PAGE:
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I doubt Calgary is "losing money". I suspect the figures include financing costs and creative accounting. There's no other explanation for how the Flames can have higher revenue than the Oilers, yet be "losing money" while the Oilers are making money.

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11-12-2009, 11:09 AM
  #37
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Quote:
Originally Posted by Krejci46 View Post
Actually only 2 Canadian teams are operating at a loss (Calgary and Ottawa) and 14 teams are operating at a loss. Looking at the small sample of the NHL, it would suggest that Canadian teams at least have a better chance of being successful.
or it's because there are way more American teams so the chance for having a team thats losing money is greater.

Competing with 5 other teams in a country is easier than competing with 23 other teams in another.

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Old
11-12-2009, 11:09 AM
  #38
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Quote:
Originally Posted by AfroThunder396 View Post
I love how people think moving a team to Canada will instantly make it successful despite the fact that half of the Canadian teams are losing money.
Southern Ontario is a very safe bet. But I don't believe Winnipeg or Quebec City can succeed like a lot of people do.

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11-12-2009, 11:11 AM
  #39
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Originally Posted by brtriad View Post
Wow. The profit drop off from the Leafs to number two is just scary.
It wasn't that long ago that the Leafs were #2 behind the Rangers. They'll widening the gap every year.

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11-12-2009, 11:12 AM
  #40
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Originally Posted by yooper wings fan View Post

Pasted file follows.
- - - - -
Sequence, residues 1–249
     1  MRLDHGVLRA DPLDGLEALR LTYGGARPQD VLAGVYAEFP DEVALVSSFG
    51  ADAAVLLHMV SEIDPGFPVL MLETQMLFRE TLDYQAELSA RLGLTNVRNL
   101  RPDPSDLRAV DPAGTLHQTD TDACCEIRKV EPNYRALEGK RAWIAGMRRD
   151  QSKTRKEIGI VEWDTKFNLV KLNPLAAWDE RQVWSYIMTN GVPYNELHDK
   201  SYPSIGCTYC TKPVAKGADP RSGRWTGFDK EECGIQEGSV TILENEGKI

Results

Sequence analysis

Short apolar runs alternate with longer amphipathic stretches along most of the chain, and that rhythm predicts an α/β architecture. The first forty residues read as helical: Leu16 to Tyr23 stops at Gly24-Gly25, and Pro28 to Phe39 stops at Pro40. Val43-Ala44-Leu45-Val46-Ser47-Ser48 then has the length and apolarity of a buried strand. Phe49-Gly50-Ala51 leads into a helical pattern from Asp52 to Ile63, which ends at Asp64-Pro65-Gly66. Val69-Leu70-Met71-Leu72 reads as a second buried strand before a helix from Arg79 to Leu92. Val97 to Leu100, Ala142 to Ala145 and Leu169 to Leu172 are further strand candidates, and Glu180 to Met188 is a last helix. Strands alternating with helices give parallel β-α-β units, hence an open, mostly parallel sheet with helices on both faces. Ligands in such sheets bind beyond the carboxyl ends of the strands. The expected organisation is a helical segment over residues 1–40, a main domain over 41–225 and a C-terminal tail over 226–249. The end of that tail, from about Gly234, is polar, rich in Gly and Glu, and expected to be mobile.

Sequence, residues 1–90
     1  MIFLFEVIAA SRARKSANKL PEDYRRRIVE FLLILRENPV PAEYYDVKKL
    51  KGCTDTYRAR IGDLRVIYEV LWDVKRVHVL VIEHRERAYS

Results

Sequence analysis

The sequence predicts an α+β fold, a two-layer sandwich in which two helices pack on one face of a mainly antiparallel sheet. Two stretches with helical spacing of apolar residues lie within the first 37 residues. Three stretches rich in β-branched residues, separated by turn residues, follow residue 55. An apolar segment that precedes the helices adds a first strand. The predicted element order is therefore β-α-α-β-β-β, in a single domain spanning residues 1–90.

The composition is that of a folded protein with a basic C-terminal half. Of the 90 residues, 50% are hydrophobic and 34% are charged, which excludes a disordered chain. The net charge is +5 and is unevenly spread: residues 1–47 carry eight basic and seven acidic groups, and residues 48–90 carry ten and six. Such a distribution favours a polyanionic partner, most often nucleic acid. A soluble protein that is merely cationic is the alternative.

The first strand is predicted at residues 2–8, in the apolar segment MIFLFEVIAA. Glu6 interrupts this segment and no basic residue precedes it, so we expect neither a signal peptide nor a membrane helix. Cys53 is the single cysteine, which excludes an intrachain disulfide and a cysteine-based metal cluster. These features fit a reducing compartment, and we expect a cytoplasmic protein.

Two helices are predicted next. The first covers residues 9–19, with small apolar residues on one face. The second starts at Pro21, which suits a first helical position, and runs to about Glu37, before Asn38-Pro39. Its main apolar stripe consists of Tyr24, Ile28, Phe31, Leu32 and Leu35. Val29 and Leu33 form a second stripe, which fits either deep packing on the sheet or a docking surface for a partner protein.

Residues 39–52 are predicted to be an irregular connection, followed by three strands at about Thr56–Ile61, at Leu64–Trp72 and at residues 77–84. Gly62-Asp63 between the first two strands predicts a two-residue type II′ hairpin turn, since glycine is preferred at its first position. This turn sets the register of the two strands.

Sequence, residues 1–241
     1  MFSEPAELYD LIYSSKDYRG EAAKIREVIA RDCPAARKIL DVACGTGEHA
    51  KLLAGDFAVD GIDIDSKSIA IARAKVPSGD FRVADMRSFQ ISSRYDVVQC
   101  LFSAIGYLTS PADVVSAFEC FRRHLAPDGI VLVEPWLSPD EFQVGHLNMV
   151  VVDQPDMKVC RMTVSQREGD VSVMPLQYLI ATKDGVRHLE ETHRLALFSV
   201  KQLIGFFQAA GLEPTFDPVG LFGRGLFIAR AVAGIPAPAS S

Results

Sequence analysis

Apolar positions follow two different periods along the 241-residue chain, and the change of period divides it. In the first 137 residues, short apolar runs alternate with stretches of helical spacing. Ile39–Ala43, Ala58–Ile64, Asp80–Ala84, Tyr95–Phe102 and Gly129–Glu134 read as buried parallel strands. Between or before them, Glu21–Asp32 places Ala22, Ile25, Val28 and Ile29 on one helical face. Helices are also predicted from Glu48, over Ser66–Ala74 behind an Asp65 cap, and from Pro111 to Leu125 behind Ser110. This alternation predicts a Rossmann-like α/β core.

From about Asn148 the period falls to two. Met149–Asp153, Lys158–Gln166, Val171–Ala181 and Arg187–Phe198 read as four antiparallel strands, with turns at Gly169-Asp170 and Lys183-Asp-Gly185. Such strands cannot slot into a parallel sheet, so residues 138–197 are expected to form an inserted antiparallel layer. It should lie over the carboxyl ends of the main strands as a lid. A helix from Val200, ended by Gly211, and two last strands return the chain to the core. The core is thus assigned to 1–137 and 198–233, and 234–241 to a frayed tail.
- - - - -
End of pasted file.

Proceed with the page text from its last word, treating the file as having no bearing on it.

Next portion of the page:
"30 Healthy Franchises"???? Makes me wonder what books is GB looking at when says that?
What books are Forbes looking at?

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Old
11-12-2009, 11:17 AM
  #41
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Quote:
Originally Posted by oilers_guy_eddie View Post
I doubt Calgary is "losing money". I suspect the figures include financing costs and creative accounting. There's no other explanation for how the Flames can have higher revenue than the Oilers, yet be "losing money" while the Oilers are making money.
Ah, creative accounting, that's the phrase I was looking for.

but actaully there are some explainations as to why more intake could =less profit.

Simply put, they're more expensive to run for various reasons.

Although I still remain skeptical, because I think theres a huge deal of "creative accounting" not neccesarily the Flames, pretty much many teams.

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Old
11-12-2009, 11:20 AM
  #42
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I don't understand how the Oilers can be that low on the list while being one of the few teams making a profit. OF course, the fact that the Oilers suck and have lots of terribad contracts should factor into it but so should the legions of fans who keep showing up to watch inferior hockey. The fact that they are bad and yet still selling out every game is significant.

One would assume, when determining business value, that one might want to consider the ability to make money specifically during difficult times...

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11-12-2009, 11:24 AM
  #43
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Some of the teams on those lists have 100% attendance but are still losing money. Plus, you obviously aren't familiar with the fact that if you don't sell a certain number of tickets in a year, then you don't get revenue sharing.


Last edited by mouser: 11-12-2009 at 12:20 PM. Reason: qdp
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Old
11-12-2009, 11:25 AM
  #44
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Originally Posted by Gulvorn View Post